Having even the smallest of lifestyle blocks can doom the unwary to a life of unruly sheep, petulant pigs, downright despicable chickens, unfortunate episodes involving electric fences, and water pumps that break down on the Friday evening of long weekends.
I was battling the weeds in the vege garden last weekend when I noticed there was a whippet in my parsley.
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It was just a small whippet, and it seemed quite happy there, but parsley is no place for whippets, so I called to my husband to kindly remove it.
Because it's his whippet.
He had long wanted a pup to replace our old dog Flynn, who went to whippet heaven about four years ago. Flynn was well known at our local vet clinic, for speed-inflicted injuries. His own speed.
Flynn had often hurt himself from running too fast - mostly damaging his feet, but in one memorable episode he ran head-first into a lemon tree and impaled a piece of bark into his head.
Not just into his head though ... into his skull, missing his brain by millimetres. After that he was known by the vet clinic as "Bark Brain".
The new whippet isn't that fast yet, because he's only nine weeks old.
And when he arrived in my parsley he was so new to us he didn't even have a name.
Well, his breeder had called him Billie, but as we have a 3-year-old human in our family who is also Billie we didn't think it was quite right.
The human Billie's mother thought the name should stay.
"Then at least we'd have one obedient Billie in the family," she suggested.
But it still didn't seem polite to name a dog after a grandchild so we searched about for a new name for the puppy.
He sat in the parsley casually eating a raspberry leaf as his minder came to collect him.
"Parsley," I said. "You can call him Parsley."
Nope, said his minder, "Parsley is a silly name."
"Well he's sitting beside the sage - how about Sage?"
Then ... "Doug," announced the animal's minder.
"Dug ... in the garden ... Doug."
So far Doug the Dog has only endeared himself to the humans in the household. The other three dogs and the cat are completely unimpressed and the chooks don't even think he's a dog.
The three chihuahuas think Doug is horrible.
He runs, he jumps, he plays with toys and he keeps bouncing at them in the most unseemly way. Plus he's taking up pats and laps that by rights belong to chihuahuas.
Bunnie and Mungo are old and grumpy, and Hugo is just grumpy. They don't want to know poor Doug and they tell him so every time they catch sight of him. Everywhere Doug goes he's growled at by a small, angry dog.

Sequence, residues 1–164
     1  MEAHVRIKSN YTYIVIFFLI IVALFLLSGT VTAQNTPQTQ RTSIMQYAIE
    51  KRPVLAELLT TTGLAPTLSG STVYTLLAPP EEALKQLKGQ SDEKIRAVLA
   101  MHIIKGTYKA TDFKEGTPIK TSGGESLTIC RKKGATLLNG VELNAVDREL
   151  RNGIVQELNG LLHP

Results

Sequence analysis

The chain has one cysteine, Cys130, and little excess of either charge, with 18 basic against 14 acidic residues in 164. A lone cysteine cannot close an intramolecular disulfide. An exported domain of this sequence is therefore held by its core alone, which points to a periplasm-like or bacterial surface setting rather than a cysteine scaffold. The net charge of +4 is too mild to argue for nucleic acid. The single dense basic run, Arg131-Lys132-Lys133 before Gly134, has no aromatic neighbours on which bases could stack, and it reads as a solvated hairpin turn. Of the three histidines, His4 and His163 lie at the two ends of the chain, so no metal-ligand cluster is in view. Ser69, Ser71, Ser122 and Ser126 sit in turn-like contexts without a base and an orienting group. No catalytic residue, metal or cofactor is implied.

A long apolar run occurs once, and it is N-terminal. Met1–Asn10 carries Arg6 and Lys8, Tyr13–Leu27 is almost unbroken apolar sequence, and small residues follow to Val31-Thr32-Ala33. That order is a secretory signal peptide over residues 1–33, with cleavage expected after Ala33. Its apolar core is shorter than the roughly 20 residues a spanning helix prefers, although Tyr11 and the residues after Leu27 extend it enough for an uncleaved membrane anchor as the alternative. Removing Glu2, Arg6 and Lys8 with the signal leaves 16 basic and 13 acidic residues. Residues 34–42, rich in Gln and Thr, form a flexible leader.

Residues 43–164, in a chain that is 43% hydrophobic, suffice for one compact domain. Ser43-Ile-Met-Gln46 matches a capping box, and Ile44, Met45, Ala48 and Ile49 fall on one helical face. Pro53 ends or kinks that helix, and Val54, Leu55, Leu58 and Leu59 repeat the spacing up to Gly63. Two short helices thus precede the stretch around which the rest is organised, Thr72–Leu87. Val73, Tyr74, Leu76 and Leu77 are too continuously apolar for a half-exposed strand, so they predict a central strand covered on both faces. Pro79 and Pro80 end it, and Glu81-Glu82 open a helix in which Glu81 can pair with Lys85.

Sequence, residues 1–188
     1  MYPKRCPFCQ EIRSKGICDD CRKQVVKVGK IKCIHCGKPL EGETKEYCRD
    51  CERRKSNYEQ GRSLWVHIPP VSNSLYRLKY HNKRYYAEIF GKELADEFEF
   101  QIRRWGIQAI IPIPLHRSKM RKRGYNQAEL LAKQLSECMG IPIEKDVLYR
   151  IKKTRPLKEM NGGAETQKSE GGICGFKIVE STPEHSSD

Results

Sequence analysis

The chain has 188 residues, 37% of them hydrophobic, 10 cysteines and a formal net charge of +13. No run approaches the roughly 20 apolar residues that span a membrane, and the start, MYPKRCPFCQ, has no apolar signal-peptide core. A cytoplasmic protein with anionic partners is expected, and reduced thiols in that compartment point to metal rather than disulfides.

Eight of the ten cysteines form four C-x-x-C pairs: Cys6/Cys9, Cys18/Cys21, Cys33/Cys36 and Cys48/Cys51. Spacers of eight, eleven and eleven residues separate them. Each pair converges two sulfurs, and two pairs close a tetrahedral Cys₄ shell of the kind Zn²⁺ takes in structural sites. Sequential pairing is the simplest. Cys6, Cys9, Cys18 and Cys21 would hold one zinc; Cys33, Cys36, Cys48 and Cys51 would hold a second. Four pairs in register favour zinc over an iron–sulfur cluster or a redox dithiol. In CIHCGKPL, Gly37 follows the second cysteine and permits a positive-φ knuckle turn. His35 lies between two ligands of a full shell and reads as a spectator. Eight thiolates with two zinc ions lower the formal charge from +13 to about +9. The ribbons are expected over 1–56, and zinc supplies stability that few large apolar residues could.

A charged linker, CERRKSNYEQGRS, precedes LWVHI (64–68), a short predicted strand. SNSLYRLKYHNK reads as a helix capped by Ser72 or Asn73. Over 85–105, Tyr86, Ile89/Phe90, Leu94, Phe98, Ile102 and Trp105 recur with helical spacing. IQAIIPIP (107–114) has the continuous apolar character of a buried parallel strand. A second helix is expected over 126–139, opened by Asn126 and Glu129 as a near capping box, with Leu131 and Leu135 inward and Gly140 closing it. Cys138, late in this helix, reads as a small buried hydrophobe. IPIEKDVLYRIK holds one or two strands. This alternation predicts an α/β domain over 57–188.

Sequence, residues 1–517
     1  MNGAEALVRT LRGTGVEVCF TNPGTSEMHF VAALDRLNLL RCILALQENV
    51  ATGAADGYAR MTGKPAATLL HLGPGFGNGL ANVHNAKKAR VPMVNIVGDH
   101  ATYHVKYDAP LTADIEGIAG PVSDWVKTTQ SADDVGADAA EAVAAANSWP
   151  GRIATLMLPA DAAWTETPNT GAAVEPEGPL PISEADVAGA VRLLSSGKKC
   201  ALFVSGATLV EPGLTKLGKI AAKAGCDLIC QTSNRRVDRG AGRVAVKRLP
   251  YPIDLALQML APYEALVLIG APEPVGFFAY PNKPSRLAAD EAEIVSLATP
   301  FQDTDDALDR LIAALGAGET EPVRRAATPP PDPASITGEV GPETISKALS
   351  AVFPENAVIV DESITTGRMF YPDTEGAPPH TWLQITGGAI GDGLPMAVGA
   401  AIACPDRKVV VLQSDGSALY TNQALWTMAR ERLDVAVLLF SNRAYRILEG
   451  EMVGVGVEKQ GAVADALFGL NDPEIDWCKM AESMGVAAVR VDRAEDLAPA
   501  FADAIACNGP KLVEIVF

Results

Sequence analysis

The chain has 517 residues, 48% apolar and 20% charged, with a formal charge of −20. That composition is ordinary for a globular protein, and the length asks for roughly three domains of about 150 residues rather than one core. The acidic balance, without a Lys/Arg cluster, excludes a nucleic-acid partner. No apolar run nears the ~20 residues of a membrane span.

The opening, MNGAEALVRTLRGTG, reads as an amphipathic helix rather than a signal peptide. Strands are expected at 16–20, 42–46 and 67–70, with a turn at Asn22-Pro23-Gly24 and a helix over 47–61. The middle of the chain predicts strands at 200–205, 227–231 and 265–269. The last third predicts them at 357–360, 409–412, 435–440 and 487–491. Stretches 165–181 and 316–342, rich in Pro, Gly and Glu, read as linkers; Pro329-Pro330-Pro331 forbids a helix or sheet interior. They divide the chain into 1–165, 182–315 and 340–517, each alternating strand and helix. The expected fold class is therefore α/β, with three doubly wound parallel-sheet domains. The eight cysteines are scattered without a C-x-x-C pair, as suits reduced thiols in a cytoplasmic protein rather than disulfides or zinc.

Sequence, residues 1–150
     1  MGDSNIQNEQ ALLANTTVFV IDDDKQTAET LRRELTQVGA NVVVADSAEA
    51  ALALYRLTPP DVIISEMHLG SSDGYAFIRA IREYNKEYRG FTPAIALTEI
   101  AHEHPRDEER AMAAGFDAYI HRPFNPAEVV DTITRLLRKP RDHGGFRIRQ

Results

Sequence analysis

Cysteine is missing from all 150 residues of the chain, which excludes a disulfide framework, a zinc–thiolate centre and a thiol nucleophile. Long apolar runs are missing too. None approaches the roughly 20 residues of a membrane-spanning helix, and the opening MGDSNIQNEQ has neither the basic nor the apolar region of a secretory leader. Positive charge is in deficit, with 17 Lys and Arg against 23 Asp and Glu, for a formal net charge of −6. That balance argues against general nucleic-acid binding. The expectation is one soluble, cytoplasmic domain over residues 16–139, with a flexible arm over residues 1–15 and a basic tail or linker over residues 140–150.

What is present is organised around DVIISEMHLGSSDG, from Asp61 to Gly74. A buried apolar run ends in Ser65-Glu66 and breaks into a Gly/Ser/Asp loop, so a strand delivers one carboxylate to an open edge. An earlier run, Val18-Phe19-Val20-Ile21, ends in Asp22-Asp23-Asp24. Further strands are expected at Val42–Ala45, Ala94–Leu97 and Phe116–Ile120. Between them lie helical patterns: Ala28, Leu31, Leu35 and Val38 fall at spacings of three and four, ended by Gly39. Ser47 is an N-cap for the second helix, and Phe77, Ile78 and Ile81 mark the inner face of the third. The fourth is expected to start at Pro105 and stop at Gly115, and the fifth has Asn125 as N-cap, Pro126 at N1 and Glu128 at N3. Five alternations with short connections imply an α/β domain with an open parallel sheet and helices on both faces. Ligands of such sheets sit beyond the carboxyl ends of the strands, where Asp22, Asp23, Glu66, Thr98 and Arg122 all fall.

In fact, you can tell where Doug is just by listening for chihuahua-accented swearing.
He's just walked past Bunnie's sunny spot in the kitchen.
"Grrrr ..." There he is in the lounge by Mungo's basket.
"Get off the chair, Doug, that's Hugo's territory."
Poor Doug. At least the humans like him. Okay, not at 3am when he wants to play, nor 5am when he needs to go wees, or at 6.45am when I find out he's been wees ... when I stand in it in my socks.
I'm also a little Doug-averse when he runs past me with one of my shoes in his mouth.
And he's a tad unattractive when he has his sharp little puppy-teeth embedded in parts of my anatomy.
I've bought him chew-toys and rawhide bones and those icky bits of dried-animal from the pet shop. I think he's currently munching on dried kangaroo-tail. But that hasn't stopped him latching on to bits of human when the urge takes him.
I woke from a nana nap last weekend to find him gnawing on my leg.
"He's trying to get rid of you," suggested my daughter. "He wants Dad all to himself."
When I complained to Doug's minder that the dog was chewing on me, he said: "I know, isn't he a little character?"
In time I hope Doug grows up and turns his mind - and his teeth - to what whippets are meant to do, and chases the rabbits off our paddock. It's a job that's been vacant since the old boy departed and not one the chihuahuas have stepped up for. They did try, briefly, but after Mungo was pushed over by a particularly mean bunny they quit.
For now, all Doug is good for is eating, sleeping, puddles on the floor and endless photos for Facebook. Our vet commented on the last picture.
"Just keep him away from the lemon tree," she said.